First, we have to declare some Variables which will hold references to the objects we need.

	// Declare our Views, so we can access them later
	private EditText etUsername;
	private EditText etPassword;
	private Button btnLogin;
	private Button btnCancel;
	private TextView lblResult;

Next, we need to get the references and assign them to these variables. So we add the following code after setContentView(R.layout.main); line

        // Get the EditText and Button References
        etUsername = (EditText)findViewById(R.id.username);
        etPassword = (EditText)findViewById(R.id.password);
        btnLogin = (Button)findViewById(R.id.login_button);
        btnCancel = (Button)findViewById(R.id.cancel_button);
        lblResult = (TextView)findViewById(R.id.result);

It’s important that you add this code after setContentView(R.layout.main); otherwise you will get an exception and your application will crash. Reason for this is, that you can’t use findViewById() before you have a fiew, because the UI doesn’t exist before this call.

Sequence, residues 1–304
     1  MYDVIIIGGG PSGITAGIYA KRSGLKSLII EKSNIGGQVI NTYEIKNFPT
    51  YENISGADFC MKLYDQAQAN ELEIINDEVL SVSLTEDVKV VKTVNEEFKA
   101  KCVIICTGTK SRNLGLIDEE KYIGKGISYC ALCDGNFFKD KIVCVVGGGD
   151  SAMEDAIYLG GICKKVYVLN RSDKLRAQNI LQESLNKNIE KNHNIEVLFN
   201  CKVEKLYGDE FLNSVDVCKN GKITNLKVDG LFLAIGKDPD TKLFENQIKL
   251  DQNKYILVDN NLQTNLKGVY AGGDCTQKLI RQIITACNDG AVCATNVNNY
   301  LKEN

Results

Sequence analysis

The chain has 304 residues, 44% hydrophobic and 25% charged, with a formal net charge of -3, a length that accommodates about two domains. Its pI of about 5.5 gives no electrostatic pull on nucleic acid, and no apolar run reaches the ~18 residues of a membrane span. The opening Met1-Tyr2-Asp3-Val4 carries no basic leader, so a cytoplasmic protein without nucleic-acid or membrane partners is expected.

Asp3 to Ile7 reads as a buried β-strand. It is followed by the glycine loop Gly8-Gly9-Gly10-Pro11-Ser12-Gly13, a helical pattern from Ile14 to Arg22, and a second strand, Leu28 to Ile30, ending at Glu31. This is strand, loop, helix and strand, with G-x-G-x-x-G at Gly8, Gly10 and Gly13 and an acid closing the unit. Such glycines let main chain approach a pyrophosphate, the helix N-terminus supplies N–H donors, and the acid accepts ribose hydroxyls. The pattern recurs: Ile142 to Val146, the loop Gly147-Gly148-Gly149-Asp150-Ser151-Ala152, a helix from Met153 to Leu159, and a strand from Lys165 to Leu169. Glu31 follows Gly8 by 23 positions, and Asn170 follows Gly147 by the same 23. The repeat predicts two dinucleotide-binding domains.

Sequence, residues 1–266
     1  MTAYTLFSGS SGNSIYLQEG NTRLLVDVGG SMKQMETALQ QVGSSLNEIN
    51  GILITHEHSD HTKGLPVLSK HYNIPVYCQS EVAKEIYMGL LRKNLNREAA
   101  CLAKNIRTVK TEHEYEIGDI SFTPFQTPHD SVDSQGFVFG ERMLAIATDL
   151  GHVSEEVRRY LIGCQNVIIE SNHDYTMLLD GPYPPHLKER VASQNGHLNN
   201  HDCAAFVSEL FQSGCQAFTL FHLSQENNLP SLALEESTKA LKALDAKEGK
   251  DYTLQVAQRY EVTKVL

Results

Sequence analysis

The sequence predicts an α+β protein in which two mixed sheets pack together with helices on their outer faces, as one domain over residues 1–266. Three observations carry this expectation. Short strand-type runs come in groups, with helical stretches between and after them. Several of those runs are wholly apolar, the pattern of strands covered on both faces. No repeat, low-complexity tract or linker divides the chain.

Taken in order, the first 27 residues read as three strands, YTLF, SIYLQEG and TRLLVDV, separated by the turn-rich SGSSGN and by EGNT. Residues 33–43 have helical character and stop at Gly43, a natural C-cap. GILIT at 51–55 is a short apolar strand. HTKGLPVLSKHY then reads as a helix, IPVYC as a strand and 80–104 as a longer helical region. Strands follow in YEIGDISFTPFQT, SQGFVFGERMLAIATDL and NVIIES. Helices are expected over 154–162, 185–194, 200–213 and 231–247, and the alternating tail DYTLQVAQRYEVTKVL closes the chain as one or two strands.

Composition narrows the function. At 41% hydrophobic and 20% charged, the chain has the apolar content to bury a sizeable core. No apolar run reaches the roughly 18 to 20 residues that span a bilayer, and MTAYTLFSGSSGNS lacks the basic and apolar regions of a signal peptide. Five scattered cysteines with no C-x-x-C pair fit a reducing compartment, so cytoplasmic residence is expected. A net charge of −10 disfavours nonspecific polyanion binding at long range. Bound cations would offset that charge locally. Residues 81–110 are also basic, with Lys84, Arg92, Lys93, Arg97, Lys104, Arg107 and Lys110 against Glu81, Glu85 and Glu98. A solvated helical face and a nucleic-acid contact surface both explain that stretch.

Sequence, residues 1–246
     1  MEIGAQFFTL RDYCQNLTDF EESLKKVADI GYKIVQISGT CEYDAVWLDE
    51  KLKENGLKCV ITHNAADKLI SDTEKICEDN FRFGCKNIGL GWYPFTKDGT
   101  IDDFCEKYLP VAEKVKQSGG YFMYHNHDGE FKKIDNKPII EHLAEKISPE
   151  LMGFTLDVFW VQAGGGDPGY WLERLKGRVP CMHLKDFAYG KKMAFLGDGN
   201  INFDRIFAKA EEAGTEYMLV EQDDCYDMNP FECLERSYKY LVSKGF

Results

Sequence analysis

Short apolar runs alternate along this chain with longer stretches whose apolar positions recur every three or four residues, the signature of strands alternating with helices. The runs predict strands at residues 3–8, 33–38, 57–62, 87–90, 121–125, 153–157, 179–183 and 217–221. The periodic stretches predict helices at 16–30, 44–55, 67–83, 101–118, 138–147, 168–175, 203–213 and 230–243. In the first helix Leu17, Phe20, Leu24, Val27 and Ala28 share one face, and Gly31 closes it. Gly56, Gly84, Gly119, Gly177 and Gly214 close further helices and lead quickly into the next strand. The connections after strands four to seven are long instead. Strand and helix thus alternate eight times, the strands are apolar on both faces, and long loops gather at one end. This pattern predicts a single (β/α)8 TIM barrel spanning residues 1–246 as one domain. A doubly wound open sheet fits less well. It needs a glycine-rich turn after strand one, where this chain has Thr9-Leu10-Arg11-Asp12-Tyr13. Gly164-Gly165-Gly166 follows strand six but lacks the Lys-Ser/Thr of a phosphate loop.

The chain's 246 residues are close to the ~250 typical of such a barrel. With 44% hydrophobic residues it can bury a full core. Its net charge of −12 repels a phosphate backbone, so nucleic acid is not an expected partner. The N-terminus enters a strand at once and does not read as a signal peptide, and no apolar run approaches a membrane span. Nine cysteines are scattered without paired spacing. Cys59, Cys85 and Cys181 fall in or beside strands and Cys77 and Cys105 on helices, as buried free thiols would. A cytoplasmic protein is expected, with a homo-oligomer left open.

We’re using the ids from the resource file (R.java). Remember that android:id="@+id/username" at beginning of this post? That’s why we need this id field.

If you run your application now and click on any of the buttons, nothing will happen. So we also need to add events (in Java it’s called Listeners) to our two buttons. So we’ll add this code below

        // Set Click Listener
        btnLogin.setOnClickListener(new OnClickListener() {
			@Override
			public void onClick(View v) {
				// Check Login
				String username = etUsername.getText().toString();
				String password = etPassword.getText().toString();
				
				if(username.equals("guest") && password.equals("guest")){
					lblResult.setText("Login successful.");
				} else {
					lblResult.setText("Login failed. Username and/or password doesn't match.");
				}
			}
		});
        btnCancel.setOnClickListener(new OnClickListener() {
			@Override
			public void onClick(View v) {
				// Close the application
				finish();
			}
		});

The .setOnClickListener method accepts a OnClickListener variable which contains the reference to the function to be called when the event gets triggered. There are tree ways to implement an Listener. I’ve decided to use the inline anonymous class version, as every of the listeners only gets used once and their code is pretty small. If you want to know more check out my Implementing Listeners in Android/Java post.

For the Login button (btnLogin) we’re getting the values from both Text fields (etUsername containing the username and etPassword containing the password) and comparing them to the login. If both are correct, it will update the lblResult field with a message of successful login, otherwise informs the user that the login has failed.